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Could this possibly ever happen in any other country?

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Nine-year scam under nose of justice ministry

Ng Tze-wei

May 07, 2010






For nine years, Zhang Ningquan was the picture of an efficient court investigator. From a bureau headquarters in Beijing, he oversaw branches in seven provinces, with men in police uniforms using "official" cars. Except there isn't such a bureau, Zhang wasn't an official and none of his staff were genuine.

Some 16 million yuan (HK$18.2 million) has allegedly been pocketed by Zhang posing as a chief court investigator since at least 2001.



He could have continued his scam had he not enraged the internet community by holding an extravagant funeral for his "wife" in 2007, calling her a "martyr" and laying the Communist Party flag over her urn. The wife turned out to be a mistress.

Dubbed online as "history's most impressive fake bureau chief", Zhang's set-up was simple in concept and elaborate in execution, according to a report by the Procuratorate Daily yesterday.

The basics were an office in the building that formerly housed the Ministry of Justice, staff in fake police uniforms, and cars painted similarly in blue and white. No details were missed. Everything came complete with badges, and the characters diao cha (investigate) were found on the "investigators" and their cars. The badges even carried the initials TPDC, presumably meaning Tianping Diao Cha, the short form of the fake government bureau known as the Beijing Tianping Investigators' Management Bureau.

Zhang was tried in February for fraud and is expected to receive his judgment soon. However, the facts of his case were not revealed until yesterday.

Zhang allegedly claimed the fake bureau was a subsidiary of the Ministry of Justice, and he used the name of the bureau for a variety of scams.

In 2004, in the name of setting up investigator training centres in Zhejiang province, he received investment funds from two businessmen totalling 1.48 million yuan.

In 2006, in the name of setting up branches in different cities, Zhang received 5.2 million yuan in "sponsor monies" from a dozen or so individuals and companies.

He received 4 million yuan for being the spokesman for a Zhejiang car brand, and he got away without paying for 41 SUVs from the same car company, worth 2.4 million yuan, saying it was the company's honour that its cars were chosen as "government-designated vehicles".

Between 2006 and 2008, Zhang received 1.4 million yuan from more than 30 people who paid for a training course to become court investigators and who were told they would be considered civil servants.

Everything went smoothly under Zhang's meticulous operation, and his bureau expanded to seven provinces. His aim was to open 300 branches.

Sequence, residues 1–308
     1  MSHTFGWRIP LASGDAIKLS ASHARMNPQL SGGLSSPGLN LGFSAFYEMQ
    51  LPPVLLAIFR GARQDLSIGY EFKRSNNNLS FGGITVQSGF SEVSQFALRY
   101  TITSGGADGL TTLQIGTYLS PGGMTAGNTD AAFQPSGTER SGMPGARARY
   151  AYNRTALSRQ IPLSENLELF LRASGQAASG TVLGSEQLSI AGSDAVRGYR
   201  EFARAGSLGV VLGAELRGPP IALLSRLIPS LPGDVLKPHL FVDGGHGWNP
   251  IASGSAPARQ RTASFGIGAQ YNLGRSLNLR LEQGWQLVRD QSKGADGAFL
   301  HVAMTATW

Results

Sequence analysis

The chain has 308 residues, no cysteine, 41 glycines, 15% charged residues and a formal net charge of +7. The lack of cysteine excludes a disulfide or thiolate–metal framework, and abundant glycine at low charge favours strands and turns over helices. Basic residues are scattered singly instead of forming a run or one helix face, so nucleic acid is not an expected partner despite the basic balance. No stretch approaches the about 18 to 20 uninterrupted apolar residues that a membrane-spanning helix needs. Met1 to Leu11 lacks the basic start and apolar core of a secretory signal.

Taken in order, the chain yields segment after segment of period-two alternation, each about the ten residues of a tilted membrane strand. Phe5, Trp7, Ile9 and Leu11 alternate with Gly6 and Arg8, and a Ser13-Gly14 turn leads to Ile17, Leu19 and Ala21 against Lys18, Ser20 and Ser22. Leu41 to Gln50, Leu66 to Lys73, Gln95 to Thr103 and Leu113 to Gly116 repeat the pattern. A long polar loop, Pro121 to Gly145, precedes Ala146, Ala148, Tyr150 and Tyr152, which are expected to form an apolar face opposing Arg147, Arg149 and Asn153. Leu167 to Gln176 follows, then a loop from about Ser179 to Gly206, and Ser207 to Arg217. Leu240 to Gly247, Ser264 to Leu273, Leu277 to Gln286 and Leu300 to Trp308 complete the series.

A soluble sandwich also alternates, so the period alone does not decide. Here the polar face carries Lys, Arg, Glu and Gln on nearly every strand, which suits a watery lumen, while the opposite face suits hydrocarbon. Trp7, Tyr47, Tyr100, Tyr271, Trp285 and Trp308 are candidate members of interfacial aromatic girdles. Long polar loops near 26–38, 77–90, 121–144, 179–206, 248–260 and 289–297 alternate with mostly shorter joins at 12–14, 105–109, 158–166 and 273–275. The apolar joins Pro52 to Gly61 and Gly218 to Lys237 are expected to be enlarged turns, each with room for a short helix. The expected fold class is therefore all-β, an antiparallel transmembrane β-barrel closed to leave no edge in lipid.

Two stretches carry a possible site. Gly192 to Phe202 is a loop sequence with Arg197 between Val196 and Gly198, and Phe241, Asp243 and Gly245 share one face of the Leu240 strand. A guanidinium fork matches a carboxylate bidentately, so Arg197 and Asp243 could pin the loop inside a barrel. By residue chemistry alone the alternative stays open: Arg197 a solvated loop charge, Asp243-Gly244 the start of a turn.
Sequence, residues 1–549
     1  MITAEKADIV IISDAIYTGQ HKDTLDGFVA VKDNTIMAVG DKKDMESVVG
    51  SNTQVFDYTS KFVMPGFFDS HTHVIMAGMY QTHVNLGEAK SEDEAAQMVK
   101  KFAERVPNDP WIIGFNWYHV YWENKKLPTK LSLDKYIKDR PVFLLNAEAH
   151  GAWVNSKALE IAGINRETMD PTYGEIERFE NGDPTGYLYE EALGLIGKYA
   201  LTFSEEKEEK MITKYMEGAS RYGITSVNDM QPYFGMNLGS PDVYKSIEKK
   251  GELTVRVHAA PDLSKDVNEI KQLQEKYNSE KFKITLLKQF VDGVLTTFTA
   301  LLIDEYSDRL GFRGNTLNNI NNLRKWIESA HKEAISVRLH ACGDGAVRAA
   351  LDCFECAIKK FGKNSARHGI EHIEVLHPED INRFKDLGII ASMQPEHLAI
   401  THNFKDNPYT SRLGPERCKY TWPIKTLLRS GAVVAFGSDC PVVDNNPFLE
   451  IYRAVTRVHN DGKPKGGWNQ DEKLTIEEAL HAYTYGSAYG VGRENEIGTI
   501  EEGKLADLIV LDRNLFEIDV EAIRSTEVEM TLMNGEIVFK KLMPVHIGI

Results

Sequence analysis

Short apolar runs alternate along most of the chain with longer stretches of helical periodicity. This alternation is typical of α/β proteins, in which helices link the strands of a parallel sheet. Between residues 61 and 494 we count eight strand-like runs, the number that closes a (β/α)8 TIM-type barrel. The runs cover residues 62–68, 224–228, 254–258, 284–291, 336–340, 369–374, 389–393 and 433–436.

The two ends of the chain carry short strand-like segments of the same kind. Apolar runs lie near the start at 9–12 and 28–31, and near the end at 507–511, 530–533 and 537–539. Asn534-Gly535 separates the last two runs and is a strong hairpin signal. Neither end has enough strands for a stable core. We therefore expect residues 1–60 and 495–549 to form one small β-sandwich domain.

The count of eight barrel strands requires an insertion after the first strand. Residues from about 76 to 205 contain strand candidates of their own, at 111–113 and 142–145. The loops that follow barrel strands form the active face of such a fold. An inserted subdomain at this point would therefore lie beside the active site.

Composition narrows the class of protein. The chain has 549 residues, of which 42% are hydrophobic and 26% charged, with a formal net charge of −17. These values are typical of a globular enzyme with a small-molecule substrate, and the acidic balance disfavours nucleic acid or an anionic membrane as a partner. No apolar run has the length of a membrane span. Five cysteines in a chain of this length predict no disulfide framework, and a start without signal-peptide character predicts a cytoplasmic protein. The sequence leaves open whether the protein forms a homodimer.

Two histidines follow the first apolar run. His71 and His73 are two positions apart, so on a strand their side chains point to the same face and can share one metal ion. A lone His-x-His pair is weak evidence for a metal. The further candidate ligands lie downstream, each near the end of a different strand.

However, the death of his mistress in a car accident in 2007 was a turning point. The devastated Zhang built a luxurious marble tomb for her in Zhejiang. There were two tombstones - one said "my beloved wife Wu" and the other said "martyr".

The funeral shocked the chat rooms. In particular, the uniformed staff at the funeral prompted the question why the badges on their "police uniform" said "investigation" instead of "police". Soon an anonymous letter was sent to the Beijing police, and the scam that went on for years right under the nose of the Ministry of Justice was busted.

Yesterday, about half a dozen of Zhang's fake "investigation" cars could still be found parked in a back alley of the building that used to house the ministry in Beijing. It is an ordinary six-storey concrete building, with a huge car park, deep in Xiaguang Li, Chaoyang district.

Since 2001, it has been the campus for the ministry's Institute of Judicial Administration, but yesterday several law firms were sharing it. Zhang set up his first company, the Beijing Tianping Police Culture and Communications Company, in 2001, but he could have been in the building before then, according to a property management employee who started working at the building in 2000.

The employee, who refused to give his name, said anyone with a proper business licence could rent the building for use after the ministry had moved out. "I've seen Zhang around. His floor used to be very popular, with many people coming in and out," the man said. "It was such a big company. Who would have thought it could be fake?"

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i dont get how he would have got money, you cant just ring up and go 'hi im a new department of your company start paying me please'

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